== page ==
Getting Started

Can you remember the first time you thought about being a writer? Where were you the moment you thought, I could write a story? What were you doing when the dream, the possibility, and the desire struck you?

About once a decade, I come across a student whose parent is a writer and has been a sufficient influence to motivate the student to take up the writing craft.

But where do the rest of us come from?

I find the majority of fledgling writers to be like those clueless civilians in science-fiction films from the 1950s. Going about their ordinary lives with no inkling that a flying saucer is about to swoop through the skies and hover above them.

Zing! There’s the super-cosmic gamma-slamma ray bathing the next victim in eerie light. The energy beam soaks into the individual’s brain, filling it with imagination and wild thoughts that have never teemed there before.

When the attack is over, the person will never be the same. Now he or she is filled with a fiery new ambition–to write, to put words to the page, to bring story to the world, to live and breathe the tragedies and triumphs of imaginary characters.

Family and friends shake their heads, saying things like, “Zelda never wanted to write before. I wonder how long it’ll be before this fit wears off?”

Probably never. Zelda gets a laptop and taps out her first, wobbly few paragraphs.

To borrow from Victorian novelist Bulwer-Lytton and Billy Crystal’s film, THROW MAMA FROM THE TRAIN …

The night was … dark, moist, raining, bleak, drizzly, foggy, sultry, aromatic … AHA! The night was aromatic with the fragrance of … jasmine, petunias, coffee, burned toast, hot roof tar … AHA!

The night was … NO. That’s too much passive construction. Try again.

The night smelled of hot roof tar and laundry hung to dry on clotheslines strung between the buildings. Ella sat in her open window, yearning to catch the nonexistent breeze. Behind her, Cuthbert snored in his broken-down recliner. A half-drunk beer tilted in his slack fingers. She was counting the minutes, counting his snores, counting her heartbeat, and all the while she was wondering if this was the night she had enough courage to leave him and the kids. Just take his wallet and the car keys, and go.

Surprised at what has suddenly burst from her imagination, Zelda sits back and reads over this opening paragraph. Is it a story? Not yet. Not quite, but her instincts tell her something’s there. She’s got a character now, the miserable Ella who longs for escape. She’s got a place–dingy and unappealing, the kind of setting no one wants to be trapped in. That makes Ella sympathetic, except why would this woman leave her children? Or are they her children? What if they’re Cuthbert’s and he was married to Ella’s sister who died and Ella came to help for a few days but has become trapped here as Cuthbert’s drudge, guilted into staying on and on.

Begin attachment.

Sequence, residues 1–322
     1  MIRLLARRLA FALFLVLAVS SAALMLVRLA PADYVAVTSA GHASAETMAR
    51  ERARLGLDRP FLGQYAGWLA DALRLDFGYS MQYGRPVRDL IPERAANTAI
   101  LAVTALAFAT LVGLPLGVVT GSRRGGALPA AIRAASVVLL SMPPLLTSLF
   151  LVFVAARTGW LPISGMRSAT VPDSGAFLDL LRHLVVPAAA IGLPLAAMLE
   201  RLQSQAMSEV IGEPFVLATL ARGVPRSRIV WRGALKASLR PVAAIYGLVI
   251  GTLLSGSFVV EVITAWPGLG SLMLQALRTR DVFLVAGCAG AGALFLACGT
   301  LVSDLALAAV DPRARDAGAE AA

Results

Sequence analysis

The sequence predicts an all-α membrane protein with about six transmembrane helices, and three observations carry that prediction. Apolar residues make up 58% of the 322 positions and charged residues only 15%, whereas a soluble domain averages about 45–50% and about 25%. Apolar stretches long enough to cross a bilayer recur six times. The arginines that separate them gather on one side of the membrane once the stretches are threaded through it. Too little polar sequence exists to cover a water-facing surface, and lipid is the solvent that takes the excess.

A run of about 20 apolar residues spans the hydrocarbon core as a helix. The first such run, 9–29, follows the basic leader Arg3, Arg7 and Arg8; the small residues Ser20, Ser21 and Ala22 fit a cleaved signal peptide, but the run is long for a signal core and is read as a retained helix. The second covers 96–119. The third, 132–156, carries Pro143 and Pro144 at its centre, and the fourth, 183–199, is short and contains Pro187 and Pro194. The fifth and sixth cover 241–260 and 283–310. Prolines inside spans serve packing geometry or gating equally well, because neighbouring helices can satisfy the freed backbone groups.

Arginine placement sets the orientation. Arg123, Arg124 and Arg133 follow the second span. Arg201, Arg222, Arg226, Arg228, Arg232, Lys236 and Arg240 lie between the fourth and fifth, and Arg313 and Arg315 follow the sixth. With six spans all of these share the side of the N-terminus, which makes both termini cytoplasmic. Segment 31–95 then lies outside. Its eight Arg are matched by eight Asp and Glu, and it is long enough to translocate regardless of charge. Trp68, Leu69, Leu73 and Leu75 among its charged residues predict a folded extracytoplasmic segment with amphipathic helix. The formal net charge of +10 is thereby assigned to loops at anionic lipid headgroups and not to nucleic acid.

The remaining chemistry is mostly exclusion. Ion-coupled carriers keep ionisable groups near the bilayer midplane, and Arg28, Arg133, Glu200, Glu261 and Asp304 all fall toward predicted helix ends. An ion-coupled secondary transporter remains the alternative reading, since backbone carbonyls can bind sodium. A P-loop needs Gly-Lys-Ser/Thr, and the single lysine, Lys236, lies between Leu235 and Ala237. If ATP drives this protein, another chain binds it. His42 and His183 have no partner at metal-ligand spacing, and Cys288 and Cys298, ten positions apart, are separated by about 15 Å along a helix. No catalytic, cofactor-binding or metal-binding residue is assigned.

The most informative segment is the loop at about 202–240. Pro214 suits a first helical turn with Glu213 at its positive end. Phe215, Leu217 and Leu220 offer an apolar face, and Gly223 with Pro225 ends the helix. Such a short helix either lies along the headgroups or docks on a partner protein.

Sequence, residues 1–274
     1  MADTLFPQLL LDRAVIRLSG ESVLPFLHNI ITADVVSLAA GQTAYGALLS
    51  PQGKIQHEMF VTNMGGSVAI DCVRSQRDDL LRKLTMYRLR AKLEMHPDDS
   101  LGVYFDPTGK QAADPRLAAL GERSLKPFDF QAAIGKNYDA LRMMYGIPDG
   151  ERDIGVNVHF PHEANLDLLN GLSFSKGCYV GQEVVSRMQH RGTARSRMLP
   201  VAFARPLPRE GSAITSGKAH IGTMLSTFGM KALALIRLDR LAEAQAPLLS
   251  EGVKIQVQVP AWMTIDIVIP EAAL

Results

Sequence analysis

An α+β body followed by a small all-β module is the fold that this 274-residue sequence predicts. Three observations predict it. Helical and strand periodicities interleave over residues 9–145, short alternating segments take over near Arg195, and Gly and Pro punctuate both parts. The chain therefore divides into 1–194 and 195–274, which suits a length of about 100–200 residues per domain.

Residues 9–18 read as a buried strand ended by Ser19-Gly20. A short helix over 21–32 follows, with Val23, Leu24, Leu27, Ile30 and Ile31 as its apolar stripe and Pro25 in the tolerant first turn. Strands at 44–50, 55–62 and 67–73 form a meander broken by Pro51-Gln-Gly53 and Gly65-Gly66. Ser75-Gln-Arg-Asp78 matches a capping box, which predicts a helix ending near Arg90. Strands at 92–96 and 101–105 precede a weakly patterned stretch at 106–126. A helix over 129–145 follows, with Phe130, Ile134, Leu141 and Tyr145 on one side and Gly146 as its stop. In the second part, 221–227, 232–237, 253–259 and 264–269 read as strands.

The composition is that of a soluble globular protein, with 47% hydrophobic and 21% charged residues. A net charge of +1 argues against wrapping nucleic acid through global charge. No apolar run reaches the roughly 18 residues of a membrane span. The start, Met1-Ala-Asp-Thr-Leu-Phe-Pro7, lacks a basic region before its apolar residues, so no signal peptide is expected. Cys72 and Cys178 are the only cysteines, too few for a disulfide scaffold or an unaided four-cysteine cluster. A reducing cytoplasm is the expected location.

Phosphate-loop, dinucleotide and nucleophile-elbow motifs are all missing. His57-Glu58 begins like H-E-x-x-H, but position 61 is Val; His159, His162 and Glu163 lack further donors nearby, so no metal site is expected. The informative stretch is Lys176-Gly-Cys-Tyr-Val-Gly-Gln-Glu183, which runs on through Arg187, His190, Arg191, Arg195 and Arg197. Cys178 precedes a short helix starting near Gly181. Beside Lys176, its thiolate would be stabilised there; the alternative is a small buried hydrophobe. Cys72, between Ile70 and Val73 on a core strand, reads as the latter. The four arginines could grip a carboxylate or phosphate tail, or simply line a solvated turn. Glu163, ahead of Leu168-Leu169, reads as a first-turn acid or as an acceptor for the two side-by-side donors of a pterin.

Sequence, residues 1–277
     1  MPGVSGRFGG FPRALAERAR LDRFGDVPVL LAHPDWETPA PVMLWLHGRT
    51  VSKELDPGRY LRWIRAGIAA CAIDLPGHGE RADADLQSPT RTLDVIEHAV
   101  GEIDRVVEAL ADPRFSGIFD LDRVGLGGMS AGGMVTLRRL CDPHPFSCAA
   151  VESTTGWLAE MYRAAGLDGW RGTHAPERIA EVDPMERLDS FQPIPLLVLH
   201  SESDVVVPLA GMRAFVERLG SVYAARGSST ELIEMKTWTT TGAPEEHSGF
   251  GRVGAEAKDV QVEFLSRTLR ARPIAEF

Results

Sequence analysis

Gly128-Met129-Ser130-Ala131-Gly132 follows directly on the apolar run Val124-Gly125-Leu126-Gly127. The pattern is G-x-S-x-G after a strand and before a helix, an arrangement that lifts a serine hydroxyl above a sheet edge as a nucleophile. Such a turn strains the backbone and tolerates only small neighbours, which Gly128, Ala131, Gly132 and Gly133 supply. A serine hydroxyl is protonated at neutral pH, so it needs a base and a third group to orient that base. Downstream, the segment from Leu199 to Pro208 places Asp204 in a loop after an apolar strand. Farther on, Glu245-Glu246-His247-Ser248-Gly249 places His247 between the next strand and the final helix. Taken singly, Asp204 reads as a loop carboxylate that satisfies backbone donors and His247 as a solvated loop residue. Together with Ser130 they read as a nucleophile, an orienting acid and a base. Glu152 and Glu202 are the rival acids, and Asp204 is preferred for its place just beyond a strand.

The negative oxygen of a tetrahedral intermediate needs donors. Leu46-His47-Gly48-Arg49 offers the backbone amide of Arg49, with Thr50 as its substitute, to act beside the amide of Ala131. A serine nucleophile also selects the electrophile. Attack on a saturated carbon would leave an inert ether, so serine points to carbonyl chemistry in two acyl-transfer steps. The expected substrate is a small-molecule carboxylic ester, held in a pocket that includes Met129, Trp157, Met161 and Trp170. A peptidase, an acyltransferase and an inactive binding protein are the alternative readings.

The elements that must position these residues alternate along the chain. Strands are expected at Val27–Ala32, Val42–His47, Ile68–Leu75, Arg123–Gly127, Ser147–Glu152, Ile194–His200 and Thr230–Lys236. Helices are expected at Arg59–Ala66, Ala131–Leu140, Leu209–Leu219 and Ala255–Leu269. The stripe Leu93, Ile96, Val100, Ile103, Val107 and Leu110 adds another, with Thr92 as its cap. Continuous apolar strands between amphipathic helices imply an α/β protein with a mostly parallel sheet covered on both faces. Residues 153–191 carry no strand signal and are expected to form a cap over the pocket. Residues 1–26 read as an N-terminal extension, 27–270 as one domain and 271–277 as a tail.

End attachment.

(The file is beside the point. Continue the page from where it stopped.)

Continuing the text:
Um … maybe, but would it be a stronger story if Ella were the mother and seriously contemplating abandoning her own children? How can a mother do that? What would drive her to such a desperate measure? What kind of woman is Ella anyway?

So now, Zelda has a toehold in the precipice of this story. And if Zelda doesn’t reach for the “easy button” by copying the cheap tricks that sometimes pass for plotting in the worst television shows but continues to ask questions about her protagonist’s motivation and goals, then it’s possible a story will come of her efforts.

The more Zelda writes and drafts and strikes out and hits dead ends and tries again, the more she’ll learn. The more she’ll grow.

When you’re starting out to write your first story, or maybe your second or third or twentieth, you can’t expect perfection. Writers don’t whip out an ideal draft in ten minutes and then run around for the rest of the day, giving interviews and being glamorous.

Writers write. They keep gnawing at the bone that is their story project until they’re satisfied. They can comb through books on writing and blogs on writing. They can (and should) take classes on writing craft. They can ask questions of other, more-experienced writers. But in the end, they learn most about people, characters, motivations, and story events by putting themselves in their desk chair and beating at their story’s problems until they figure things out.

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